PC: what I said was that the Toronto delis were the best-kept secret, per se. The Montreal delis and smoked meat are well known and have been for a long, long time (as has its weekend dim sum orgy in its version of Chinatown), but Toronto’s delis have lingered, undeservedly, in Montreal’s shadow and I thought they deserved to be spotlighted.

      Someone mentioned Toronto’s Indian food below. Yeah, definitely – and there are some killer Thai restaurants too. I think, though, that for sheer anomalousness, nothing will match the Korean taco bar that’s just a few storefronts west of Caplansky’s on College Street. I have never seen anything like it this side of the demilitarized zone and I don’t expect to.

      And you know what? It’s good. Next trip to TO, I am going to have to vet it properly.

      • proudlycanadian - May 22, 2012 at 10:31 AM

        I frequent a suburban AYCE sushi chain called 168 sushi partly because I am friends with the owners, I like the food and partly because of some of the personable young ladies who work with them.

      • stlouis1baseball - May 22, 2012 at 12:35 PM

        Good read Gator.

      • Old Gator - May 22, 2012 at 4:34 PM


  3. drewmunny - May 22, 2012 at 9:44 AM

    “I feel like I need a pompous to English dictionary.”

    Well said. Not kidding. Although some of the baseball musings are ‘spot-on,’ the haughty tone and verbiage serve to remove most (if not all) of any enjoyment there is to be had from his postings.

    • stex52 - May 22, 2012 at 9:53 AM

      Appreciate them as random musings. He is looking for different angles of approach in his thoughts. It’s not always successful, but the trip can be fun.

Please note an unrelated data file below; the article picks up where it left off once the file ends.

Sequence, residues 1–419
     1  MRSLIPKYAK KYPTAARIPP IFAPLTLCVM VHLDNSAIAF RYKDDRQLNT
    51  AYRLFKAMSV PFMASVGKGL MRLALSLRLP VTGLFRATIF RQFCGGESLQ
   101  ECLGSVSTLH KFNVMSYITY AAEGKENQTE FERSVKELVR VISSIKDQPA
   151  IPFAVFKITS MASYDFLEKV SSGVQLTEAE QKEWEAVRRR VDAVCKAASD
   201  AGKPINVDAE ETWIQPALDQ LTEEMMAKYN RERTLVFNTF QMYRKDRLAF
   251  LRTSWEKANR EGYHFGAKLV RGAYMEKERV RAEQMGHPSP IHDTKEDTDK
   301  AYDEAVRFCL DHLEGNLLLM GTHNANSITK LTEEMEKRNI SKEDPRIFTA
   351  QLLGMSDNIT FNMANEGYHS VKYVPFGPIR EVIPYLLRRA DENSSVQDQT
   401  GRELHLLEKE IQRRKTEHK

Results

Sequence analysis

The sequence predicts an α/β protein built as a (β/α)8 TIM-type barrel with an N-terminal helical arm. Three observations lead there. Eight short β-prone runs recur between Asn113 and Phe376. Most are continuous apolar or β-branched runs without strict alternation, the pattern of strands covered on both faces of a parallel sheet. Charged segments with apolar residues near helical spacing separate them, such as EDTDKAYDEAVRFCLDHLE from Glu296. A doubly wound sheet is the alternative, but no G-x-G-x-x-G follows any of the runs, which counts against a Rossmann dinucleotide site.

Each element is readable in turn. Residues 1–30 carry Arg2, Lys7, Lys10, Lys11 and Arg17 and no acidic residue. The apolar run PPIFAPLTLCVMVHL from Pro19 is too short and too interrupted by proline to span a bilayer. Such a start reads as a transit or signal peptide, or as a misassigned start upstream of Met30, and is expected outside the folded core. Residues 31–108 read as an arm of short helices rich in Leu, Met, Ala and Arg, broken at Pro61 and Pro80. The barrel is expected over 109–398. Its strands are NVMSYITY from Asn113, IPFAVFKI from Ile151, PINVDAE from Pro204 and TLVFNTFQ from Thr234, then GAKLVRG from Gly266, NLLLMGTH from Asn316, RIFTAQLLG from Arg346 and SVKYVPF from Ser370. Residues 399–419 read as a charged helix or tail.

• hasbeen5 - May 22, 2012 at 10:00 AM

      Yeah I was just ribbing him. Sometimes it can be a difficult read, but it’s all good.

      I think it’s just a difference in background (academic, not necessarily socioeconomic). I’m in a scientific field, where he has studied and taught in the arts. Words are his tool of expression, where I like to say things as simply as I know how.

  4. ndnut - May 22, 2012 at 10:17 AM

    I joined not too long ago, but I can already tell that OG also stands for Original Gangster in his case. (This is a compliment)

  5. bbil2012 - May 22, 2012 at 10:36 AM

    Marquis. The official car of Florida. My father-in-law in N. Fort Myers drives one as well. He says the AC is the best.

    • kiwicricket - May 22, 2012 at 3:45 PM

      The ‘hybrid’

  6. APBA Guy - May 22, 2012 at 12:00 PM

    I was a bit disappointed that Sarah did not probe the depths of OG’s past: falconry in England for example, and his love of fine coffee. Inquiring HBT readers want to know “what makes the man?”.

    Still a fine subject for an interview, and the focus on the Feesh was perfectly understandable.

    • Old Gator - May 22, 2012 at 3:23 PM

      Speaking of falconry and Feesh, I rehabbed an osprey once. Some moron shot it in the wing with a pellet gun and it fell in the backyard of a neighbor of my daughter’s friend.

      Follow that? Good.